Imaging findings in seven cases of congenital infantile myofibromatosis with cerebral, spinal, or head and neck involvement

Laura Holzer-Fruehwald, Susan Blaser, Andrea Rossi, Julia Fruehwald-Pallamar, Majda M. Thurnher

Research output: Contribution to journalArticle

Abstract

Introduction: Congenital infantile myofibromatosis (IM) is a rare mesenchymal disease, presenting with tumors in the skin, muscle, viscera, bone, and subcutaneous tissue. It can present as (a) a solitary form with subcutaneous, erythematous nodules, (b) a multicentric form with subcutaneous, muscle, and/or bony lesions, and (c) a multicentric form with visceral involvement. Cerebral or spinal involvement in myofibromatosis has been reported rarely. Methods: We report seven cases of histology-proven infantile myofibromatosis with brain, spine, and/or head and neck involvement. Results: In three patients with multiple subcutaneous nodules, a multicentric form of IM with visceral involvement was diagnosed. In three patients, a multicentric form without visceral involvement was found. Two patients had brain involvement, and four patients had vertebral body involvement. Conclusion: In a newborn presenting with intraparenchymal brain lesions, epidural spinal masses, and/or vertebra plana or lytic lesions of the calvarium and spine, infantile myofibromatosis should be considered as a possible differential diagnosis. The presence of subcutaneous or muscular nodules facilitates the diagnosis.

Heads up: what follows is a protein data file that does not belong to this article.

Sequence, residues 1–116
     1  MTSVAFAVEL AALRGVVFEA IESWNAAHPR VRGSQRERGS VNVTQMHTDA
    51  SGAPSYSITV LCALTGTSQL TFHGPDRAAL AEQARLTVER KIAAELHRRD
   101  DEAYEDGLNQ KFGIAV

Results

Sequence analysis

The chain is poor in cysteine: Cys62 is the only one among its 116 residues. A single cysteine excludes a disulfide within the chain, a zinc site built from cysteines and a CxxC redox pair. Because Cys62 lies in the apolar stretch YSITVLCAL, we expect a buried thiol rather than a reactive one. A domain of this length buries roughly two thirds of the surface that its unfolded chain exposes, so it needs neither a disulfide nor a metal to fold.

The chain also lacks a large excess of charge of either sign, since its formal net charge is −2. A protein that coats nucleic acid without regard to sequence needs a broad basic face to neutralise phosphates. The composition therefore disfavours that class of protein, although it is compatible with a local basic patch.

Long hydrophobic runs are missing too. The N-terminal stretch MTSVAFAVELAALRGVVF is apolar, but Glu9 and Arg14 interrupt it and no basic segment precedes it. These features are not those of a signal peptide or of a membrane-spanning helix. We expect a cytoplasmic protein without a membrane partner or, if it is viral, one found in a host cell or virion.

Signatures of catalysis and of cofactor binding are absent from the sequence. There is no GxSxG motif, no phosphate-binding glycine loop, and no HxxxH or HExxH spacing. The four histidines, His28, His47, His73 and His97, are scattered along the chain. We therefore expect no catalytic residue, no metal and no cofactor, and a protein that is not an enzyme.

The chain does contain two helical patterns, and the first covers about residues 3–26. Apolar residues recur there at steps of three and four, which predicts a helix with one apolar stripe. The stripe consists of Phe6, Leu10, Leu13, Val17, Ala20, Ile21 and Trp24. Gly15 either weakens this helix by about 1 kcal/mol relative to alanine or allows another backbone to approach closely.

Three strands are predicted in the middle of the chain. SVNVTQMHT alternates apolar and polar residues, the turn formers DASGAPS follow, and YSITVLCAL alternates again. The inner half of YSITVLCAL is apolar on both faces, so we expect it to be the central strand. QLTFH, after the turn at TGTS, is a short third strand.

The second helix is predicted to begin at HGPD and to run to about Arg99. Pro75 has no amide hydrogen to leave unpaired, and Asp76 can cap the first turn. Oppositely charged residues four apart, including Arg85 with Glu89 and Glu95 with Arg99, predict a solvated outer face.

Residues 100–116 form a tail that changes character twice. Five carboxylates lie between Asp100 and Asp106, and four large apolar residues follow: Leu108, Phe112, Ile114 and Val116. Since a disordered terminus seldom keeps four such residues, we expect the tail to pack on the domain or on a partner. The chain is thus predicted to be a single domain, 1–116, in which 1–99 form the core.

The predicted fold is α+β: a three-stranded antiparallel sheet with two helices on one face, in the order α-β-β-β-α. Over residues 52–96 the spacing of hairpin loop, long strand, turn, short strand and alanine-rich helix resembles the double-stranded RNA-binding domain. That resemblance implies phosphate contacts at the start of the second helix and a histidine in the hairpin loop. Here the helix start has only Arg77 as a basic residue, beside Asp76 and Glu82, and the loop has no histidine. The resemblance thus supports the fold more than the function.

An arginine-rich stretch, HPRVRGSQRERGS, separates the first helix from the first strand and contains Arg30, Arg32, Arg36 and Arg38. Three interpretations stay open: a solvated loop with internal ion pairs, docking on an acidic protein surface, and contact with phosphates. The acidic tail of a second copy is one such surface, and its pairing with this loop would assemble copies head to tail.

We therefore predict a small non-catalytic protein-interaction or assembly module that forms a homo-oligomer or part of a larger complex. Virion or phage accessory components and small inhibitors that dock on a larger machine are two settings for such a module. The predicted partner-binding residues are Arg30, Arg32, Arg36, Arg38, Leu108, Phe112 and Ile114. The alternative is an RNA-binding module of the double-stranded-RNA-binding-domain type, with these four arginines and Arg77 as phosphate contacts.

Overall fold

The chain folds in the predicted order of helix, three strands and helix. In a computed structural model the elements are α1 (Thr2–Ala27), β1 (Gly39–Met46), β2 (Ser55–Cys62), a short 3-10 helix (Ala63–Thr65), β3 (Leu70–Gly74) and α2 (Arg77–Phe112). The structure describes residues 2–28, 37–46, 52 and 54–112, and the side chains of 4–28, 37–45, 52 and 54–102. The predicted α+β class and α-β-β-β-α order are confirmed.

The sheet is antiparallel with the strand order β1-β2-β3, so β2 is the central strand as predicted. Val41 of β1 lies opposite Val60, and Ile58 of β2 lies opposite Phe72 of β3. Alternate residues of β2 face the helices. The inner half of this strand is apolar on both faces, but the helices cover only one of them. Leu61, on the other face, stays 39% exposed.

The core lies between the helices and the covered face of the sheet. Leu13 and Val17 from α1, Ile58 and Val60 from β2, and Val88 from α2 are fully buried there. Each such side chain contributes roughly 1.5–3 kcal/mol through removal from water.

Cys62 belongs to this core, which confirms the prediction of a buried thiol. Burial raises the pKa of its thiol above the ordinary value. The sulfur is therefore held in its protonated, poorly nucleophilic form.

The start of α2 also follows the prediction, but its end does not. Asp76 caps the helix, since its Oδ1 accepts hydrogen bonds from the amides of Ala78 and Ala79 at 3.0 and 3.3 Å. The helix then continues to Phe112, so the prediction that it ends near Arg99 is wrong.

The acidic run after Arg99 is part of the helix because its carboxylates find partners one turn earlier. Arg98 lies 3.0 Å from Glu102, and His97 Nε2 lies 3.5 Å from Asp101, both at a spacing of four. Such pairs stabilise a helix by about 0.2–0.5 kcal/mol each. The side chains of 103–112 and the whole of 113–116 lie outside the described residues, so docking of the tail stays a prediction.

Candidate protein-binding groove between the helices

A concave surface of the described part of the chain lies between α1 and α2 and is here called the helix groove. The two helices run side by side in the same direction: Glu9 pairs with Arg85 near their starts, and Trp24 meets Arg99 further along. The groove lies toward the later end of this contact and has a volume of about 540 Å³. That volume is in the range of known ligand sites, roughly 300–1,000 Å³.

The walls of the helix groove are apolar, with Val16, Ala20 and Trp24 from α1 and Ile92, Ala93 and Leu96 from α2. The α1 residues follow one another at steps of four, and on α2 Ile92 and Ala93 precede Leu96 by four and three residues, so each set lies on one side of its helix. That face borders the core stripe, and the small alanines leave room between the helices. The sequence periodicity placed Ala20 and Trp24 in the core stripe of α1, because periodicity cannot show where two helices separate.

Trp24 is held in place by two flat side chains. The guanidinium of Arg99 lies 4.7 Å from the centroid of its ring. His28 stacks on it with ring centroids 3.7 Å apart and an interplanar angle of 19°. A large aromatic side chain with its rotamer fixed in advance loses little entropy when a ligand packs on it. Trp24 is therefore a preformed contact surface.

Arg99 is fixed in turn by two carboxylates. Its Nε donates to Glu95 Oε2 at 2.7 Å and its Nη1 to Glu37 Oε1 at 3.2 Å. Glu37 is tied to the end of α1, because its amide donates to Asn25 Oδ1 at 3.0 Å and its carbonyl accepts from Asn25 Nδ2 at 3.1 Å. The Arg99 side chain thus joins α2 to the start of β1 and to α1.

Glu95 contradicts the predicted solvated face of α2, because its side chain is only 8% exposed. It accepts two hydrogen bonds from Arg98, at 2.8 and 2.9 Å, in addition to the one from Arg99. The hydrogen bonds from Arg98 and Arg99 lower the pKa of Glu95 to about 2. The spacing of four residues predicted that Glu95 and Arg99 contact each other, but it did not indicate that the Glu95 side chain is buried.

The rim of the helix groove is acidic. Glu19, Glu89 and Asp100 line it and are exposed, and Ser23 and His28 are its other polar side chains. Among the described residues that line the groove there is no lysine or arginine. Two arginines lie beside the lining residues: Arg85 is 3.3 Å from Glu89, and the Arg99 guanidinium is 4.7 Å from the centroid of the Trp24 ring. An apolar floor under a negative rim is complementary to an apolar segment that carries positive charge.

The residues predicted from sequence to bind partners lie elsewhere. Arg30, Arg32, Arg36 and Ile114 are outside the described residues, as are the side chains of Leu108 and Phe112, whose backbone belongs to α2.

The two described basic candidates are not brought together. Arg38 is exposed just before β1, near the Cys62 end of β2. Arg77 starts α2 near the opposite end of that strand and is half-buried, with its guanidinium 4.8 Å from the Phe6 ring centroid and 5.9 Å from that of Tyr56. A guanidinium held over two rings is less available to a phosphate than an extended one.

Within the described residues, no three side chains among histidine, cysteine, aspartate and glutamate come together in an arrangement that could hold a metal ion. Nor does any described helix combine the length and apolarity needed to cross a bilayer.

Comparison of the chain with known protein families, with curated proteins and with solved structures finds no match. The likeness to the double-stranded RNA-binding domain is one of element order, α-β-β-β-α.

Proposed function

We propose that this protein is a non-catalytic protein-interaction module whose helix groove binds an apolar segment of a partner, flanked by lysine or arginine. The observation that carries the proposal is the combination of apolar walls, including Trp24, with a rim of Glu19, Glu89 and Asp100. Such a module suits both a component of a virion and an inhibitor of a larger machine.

Original languageEnglish
Pages (from-to)1389-1398
Number of pages10
JournalNeuroradiology
Volume54
Issue number12
DOIs
Publication statusPublished - 2012

Keywords

  • Brain
  • Infantile myofibromatosis
  • Myofibroma
  • Spine

ASJC Scopus subject areas

  • Radiology Nuclear Medicine and imaging
  • Clinical Neurology
  • Cardiology and Cardiovascular Medicine

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